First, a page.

Tell us more about yourself and the author team.
My name is Tjerk Sleeswijk Visser, and I am currently doing my last clinical internship (in sports medicine) before graduating this July. Already before I started medical school, I have been passionate to pursue a career in sports medicine. As part of my study of medicine, I performed my scientific internship at Erasmus MC University Medical Centre in Rotterdam, where I met Dr Robert-Jan de Vos. Under his supervision, I spent 6 months on research, mainly focused on Achilles tendinopathy. It didn’t take long for him to transfer his enthusiasm for this topic to me. Arco van der Vlist has been previously ‘infected’ with this enthusiasm and has defended his PhD thesis on Achilles tendinopathy with great success this January. Professor Jan Vehaar has been head of the Department of Orthopaedic Surgery & Sports Medicine at Erasmus MC since 1995 and has recently received a royal decoration for his scientific and social merits. Robert van Oosterom and Peter van Veldhoven are sports medicine physicians working in a large regional hospital (The Hague Medical Center) with a special interest in cricket and football. The two departments of these hospitals closely collaborate for more than a decade now and have been very successful in scientific research.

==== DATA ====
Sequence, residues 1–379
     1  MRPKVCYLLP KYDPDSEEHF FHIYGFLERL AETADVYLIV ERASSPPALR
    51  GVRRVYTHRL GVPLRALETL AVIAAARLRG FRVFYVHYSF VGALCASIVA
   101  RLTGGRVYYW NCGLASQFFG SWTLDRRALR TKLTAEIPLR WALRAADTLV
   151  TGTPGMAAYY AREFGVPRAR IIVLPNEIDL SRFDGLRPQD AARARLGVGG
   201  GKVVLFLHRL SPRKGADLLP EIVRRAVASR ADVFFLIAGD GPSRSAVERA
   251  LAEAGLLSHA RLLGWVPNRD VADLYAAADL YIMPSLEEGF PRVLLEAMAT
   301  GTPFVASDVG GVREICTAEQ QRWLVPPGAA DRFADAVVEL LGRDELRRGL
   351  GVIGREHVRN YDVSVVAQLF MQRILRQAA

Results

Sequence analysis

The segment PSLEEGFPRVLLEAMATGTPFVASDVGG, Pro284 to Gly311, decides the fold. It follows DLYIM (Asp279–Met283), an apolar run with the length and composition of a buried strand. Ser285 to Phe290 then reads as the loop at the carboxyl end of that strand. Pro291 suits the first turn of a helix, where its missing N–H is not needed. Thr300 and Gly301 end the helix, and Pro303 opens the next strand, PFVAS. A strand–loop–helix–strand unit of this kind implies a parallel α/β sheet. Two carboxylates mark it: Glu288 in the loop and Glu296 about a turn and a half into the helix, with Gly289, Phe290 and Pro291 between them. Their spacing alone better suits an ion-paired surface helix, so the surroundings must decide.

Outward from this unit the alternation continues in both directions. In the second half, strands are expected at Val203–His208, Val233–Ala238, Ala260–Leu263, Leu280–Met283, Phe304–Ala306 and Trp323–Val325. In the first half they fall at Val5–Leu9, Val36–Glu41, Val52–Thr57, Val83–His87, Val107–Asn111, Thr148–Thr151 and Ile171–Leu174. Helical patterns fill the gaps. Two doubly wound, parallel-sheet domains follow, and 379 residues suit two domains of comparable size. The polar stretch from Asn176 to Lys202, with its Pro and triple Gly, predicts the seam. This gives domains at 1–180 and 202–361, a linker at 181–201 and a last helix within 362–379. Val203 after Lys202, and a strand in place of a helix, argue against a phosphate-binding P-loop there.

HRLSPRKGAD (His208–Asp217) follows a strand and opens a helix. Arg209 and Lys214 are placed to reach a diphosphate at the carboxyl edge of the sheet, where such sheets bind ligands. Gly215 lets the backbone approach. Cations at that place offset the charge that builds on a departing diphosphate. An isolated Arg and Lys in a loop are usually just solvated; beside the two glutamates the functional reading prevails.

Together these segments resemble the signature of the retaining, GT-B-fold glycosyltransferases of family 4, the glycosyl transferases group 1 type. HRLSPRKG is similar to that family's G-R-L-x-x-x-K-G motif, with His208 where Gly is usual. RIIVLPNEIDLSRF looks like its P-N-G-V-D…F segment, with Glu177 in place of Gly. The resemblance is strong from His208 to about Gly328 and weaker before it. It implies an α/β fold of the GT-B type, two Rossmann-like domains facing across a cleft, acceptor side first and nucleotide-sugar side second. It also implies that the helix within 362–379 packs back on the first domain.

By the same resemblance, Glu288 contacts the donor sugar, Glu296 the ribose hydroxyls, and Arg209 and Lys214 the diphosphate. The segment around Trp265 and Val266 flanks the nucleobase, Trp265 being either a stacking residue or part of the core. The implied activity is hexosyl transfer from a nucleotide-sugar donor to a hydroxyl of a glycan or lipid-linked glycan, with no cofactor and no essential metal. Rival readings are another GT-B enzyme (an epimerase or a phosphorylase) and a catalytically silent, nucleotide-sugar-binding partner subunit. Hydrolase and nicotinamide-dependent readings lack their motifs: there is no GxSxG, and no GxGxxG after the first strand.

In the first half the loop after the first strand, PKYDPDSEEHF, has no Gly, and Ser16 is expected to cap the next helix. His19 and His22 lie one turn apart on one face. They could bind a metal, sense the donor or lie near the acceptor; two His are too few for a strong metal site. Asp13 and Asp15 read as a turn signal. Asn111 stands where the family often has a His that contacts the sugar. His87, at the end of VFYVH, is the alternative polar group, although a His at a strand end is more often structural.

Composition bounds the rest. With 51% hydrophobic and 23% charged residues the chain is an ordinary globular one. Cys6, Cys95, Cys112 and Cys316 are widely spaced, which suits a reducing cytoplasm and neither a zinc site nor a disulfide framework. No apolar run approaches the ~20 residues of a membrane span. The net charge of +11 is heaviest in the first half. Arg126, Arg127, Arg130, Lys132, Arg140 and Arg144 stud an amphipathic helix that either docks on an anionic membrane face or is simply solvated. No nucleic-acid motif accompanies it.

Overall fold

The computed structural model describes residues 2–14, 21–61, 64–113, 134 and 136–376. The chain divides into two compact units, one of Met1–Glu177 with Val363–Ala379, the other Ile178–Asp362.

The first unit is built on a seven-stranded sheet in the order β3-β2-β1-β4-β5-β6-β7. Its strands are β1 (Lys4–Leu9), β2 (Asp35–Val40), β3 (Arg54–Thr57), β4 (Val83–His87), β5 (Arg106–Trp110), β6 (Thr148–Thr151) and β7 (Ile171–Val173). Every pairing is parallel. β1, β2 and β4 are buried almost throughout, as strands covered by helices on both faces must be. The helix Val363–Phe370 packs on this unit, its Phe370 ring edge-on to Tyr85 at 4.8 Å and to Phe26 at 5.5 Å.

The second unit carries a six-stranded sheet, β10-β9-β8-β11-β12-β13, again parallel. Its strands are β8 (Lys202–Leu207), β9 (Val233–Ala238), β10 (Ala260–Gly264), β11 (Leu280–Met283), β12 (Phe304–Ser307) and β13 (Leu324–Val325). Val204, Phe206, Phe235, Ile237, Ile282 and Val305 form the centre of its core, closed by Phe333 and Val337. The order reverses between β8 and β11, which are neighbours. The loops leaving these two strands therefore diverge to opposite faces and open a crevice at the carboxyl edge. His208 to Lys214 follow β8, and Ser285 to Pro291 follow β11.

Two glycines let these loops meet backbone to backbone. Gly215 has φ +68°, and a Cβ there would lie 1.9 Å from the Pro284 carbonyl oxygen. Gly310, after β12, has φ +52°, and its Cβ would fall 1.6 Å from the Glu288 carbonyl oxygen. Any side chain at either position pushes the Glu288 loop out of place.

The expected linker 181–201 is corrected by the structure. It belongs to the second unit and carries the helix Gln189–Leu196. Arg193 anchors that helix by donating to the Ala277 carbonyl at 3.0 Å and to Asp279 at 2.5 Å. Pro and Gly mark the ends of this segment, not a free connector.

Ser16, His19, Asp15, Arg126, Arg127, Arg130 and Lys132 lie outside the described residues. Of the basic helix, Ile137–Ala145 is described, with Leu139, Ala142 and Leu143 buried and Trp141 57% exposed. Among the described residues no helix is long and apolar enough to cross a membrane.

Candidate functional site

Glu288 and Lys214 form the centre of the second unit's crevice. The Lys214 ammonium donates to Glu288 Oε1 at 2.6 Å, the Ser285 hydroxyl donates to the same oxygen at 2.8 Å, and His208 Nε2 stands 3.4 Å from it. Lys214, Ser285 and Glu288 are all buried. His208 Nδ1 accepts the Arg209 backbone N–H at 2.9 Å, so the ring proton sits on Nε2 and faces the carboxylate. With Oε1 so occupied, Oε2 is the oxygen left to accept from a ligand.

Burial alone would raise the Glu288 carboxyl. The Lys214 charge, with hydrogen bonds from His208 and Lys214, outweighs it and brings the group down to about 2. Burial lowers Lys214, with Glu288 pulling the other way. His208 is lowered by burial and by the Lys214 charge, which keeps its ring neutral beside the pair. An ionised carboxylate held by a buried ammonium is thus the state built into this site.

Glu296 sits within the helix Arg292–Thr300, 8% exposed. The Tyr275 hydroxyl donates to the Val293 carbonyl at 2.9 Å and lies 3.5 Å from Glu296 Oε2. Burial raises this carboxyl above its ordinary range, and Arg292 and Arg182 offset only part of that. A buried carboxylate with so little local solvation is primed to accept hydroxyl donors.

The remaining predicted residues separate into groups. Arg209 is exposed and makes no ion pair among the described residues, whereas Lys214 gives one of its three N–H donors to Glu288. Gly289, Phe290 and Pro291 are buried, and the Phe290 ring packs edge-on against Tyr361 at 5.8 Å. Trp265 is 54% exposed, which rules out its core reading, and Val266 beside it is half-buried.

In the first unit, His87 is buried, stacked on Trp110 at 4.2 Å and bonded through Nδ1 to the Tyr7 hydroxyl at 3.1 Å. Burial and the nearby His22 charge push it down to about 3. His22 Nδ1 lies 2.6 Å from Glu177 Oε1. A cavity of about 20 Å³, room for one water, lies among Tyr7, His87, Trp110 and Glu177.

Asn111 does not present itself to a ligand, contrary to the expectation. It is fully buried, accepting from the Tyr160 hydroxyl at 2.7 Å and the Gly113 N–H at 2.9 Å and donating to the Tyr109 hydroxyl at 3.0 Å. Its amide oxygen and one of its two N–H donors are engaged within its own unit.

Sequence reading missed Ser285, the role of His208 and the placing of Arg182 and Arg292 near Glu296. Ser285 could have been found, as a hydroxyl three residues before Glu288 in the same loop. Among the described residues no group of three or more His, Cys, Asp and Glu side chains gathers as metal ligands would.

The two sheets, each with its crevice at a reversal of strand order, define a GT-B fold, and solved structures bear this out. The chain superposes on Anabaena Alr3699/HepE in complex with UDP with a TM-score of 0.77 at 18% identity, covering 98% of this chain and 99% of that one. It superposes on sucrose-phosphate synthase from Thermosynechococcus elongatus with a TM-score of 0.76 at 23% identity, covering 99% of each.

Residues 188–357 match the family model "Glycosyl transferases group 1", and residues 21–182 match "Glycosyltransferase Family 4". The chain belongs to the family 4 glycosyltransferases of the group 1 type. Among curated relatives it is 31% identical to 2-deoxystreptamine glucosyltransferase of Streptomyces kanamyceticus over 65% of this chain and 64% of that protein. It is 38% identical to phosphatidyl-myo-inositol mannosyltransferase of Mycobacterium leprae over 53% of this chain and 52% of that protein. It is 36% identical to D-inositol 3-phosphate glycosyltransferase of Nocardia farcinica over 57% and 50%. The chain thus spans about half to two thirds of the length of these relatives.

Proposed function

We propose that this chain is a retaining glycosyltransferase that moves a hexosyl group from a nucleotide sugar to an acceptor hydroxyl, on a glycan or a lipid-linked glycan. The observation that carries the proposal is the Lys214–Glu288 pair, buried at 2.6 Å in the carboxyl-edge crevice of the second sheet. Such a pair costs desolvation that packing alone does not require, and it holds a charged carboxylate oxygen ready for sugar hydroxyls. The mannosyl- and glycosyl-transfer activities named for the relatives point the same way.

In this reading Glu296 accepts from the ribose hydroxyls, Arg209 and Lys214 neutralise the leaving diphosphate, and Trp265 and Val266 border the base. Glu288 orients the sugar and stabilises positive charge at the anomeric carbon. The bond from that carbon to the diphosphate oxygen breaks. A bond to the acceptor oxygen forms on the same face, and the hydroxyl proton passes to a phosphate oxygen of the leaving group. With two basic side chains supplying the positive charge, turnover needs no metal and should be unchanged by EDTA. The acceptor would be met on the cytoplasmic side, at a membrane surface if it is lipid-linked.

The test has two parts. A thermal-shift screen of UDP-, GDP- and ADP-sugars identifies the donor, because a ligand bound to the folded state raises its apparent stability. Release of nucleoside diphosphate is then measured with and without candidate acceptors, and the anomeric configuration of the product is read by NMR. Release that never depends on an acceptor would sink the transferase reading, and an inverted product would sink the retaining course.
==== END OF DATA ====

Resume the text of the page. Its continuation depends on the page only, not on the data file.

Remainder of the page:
What is the story behind your study?
We knew from both our clinical experience and previous studies that Achilles tendinopathy can profoundly impact patients’ lives. However, the impact on quality of life and the specific domains affected was unknown. Information on the impact on work performance, health care utilization and costs were also lacking. These are all important measures to estimate the socio-economic impact of disease, and knowledge of this also aids in designing tailored management plans.
In your own words, what did you find?
We found that the impact of Achilles tendinopathy on the quality of life of patients is significant. Patients especially experienced problems in the domains of mobility, pain/discomfort, and usual activities. Work productivity was decreased in 38% of the patients, and 9% reported absence from work due to their symptoms. The total annual costs were €840 per patient. This corresponds to €21 million for all Achilles tendinopathy patients in the Netherlands. This large socio-economic impact was comparable to other chronic diseases such as osteoarthritis, rheumatoid arthritis and fibromyalgia.
What was the main challenge you faced in your study?
The main challenge we faced was the process of transferring the information of the completed questionnaire to a dataset suitable for analysis. All 80 patients completed a questionnaire on quality of life and provided detailed information on the number of healthcare visits per type of healthcare provider (sports medicine physicians, physiotherapists etc.) It took quite some time to work our way through this and create a correct and complete dataset.
If there is one take-home message from your study, what would that be?
Achilles tendinopathy leads to a significant decrease in work productivity, causes substantial costs, and has a large impact on patients’ quality of life.